Next Theatre Company, that hidden little gem in North Evanston is known for doing plays that are “socially provocative and artistically adventurous”. They desire to promote awareness through theater.Their 2013/14 season, their 33rd kicked off with the Chicago Premiere of Rinne Groff’s “Compulsion” based on the story of Meyer Levin’s obsession over his right to create the stage version of Anne Frank’s Diary. Groff has changed his name to Sid Silver, but it is in fact the story of Levin as we go through a period from the early 1950’s until 1966 when he at last gets his production ( over the award winning stage adaptation by Goodrich and Hackett) on stage.
This is a difficult story to tell in that we are dealing with a man who lives for only one thing- seeing his work be the only work that can tell the story. Directed by Devon de Mayo on a set by Grant Sabin that is an open wall of doors that represent offices in the first act but get a little confusing in the second act. The first Act takes place in America from 1951 thru 1958/ the Second Act in Israel, 1966-1968 and the final scene back in New York. There are three actors in this production,Mick Webber taking on the challenging role of Sid Silver, the man obsessed with his “play”. Webber, handles Silver’s powerful personality well, although their are times, when I thought he could be gentler ( in particular with his wife ( a solid performance by Jenny Avery, who also plays all the female roles and handles the voice for the “female puppet of Anne, who lives with them, or is this just a spirit? The very able John Byrnes plays the other male roles, all very solid and each one different enough to make you feel that more than one actor played them. A tip of the hat to Mr. Byrnes.
This is a play that will make you think and maybe even question how we think. Silver will do anything to get “his” version of Frank’s story on the stage- even lies and deception. He sues everyone who stands in his way and is willing to sacrifice all that he has built to reach this end. He was a noted author ( Levin, of course, “Frankie and Johnny” for one), who found himself so dedicated to telling his stry that his every waking moment was spent trying to get this done. This is a story of determination and love. The love is really about Sid’s love for the work ( and maybe deep down for Anne’s memory) and wanting to prove to the world that his way of telling the story was THE only way it should be told!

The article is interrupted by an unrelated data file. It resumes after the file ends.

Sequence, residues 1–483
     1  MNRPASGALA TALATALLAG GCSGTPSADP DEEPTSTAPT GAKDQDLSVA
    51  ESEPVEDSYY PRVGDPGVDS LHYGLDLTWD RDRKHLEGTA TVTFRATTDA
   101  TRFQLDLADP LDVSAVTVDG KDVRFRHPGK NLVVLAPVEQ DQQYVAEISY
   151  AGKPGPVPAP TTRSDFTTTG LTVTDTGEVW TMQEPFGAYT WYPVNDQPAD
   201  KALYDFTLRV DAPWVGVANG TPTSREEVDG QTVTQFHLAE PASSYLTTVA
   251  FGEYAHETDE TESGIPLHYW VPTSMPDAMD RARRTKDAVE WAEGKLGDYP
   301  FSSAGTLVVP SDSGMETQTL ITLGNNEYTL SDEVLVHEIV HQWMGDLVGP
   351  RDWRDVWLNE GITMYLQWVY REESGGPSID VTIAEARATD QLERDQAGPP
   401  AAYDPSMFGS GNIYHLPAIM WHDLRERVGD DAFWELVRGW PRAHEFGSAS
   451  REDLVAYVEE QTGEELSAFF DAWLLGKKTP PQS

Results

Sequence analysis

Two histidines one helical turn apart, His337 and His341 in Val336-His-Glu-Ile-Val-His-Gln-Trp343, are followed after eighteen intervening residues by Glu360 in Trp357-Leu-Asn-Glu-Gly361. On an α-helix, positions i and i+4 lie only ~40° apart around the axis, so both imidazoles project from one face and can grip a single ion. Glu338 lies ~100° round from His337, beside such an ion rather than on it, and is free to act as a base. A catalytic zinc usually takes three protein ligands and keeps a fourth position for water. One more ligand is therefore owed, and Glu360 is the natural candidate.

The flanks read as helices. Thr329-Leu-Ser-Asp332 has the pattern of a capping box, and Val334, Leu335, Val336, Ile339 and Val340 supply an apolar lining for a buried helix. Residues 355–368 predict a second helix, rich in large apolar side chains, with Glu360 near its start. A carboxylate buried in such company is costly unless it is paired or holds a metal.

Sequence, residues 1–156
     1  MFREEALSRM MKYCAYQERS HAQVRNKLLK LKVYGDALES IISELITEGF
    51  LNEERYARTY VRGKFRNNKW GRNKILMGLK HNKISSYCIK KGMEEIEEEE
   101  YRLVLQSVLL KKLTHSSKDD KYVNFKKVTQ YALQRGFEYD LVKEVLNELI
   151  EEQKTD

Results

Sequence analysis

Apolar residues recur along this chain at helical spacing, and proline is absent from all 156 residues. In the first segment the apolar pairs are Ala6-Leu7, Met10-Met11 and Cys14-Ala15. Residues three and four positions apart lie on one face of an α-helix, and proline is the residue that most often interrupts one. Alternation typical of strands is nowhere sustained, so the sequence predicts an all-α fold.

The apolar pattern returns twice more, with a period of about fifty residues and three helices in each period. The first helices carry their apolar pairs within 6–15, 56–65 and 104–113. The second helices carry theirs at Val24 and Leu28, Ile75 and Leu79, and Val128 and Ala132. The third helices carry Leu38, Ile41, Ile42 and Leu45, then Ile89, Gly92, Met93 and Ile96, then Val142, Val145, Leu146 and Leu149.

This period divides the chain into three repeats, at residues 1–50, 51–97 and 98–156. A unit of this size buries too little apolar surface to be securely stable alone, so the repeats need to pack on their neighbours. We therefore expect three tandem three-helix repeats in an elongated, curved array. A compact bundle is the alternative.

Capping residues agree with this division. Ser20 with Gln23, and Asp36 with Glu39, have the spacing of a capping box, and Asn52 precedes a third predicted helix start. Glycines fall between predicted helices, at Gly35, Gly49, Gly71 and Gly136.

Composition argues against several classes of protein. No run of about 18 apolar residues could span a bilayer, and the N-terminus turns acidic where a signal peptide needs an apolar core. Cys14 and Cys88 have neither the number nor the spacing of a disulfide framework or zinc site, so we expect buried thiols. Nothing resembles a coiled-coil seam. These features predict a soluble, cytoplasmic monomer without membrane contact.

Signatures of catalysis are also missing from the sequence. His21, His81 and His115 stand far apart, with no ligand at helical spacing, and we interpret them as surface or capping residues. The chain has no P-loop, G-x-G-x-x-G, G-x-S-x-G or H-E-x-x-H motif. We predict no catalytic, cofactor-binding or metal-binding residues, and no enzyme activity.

This production is strong and the three actors are powerful. The story is about a real person although the name has been changed ,but Levin did write a book named “Compulsion, which was the story of Leopold and Loeb and in 1974 he published a book named “Obsession” which is whatI am sure Groff used to start her on doing this play. We all know a “Sid Silver’! That person who walks a thin line and is always “right”. Meyer Levin was such a man and by telling his story, we keep alive the ideals that people have and the memory of Ann Frank. Over the years, many questions have risen about the diary and if a young girl really wrote it. The story it tells is one that must be told, generation after generation so that the atrocities that took place can never happen again.
“Compulsion” wil continue at Next, located at 927 Noyes Street in Evanston through November 17th with performances as follows:
Thursdays at 7:30 p.m.
Saturdays at 8 p.m.
Sundays at 2 p.m.
Saturday afternoons at 4 p.m. in November.
Tickets range from $30-$40 and are available by calling 847-475-1875 ext 2 or online at www.nexttheatre.org
There is some parking at the Noyes Cultural Arts Center as well as on the street( metered on Noyes) and there is a stop ( Noyes) for the Evanston “el”.
On Sundays, talk backs with the artistic staff and artists will meet with the audience to discuss what they just saw. There is no extra charge for this.
To see what others are saying, visit www.theatreinchicago.com, go to Review Round-up and click at “Compulsion”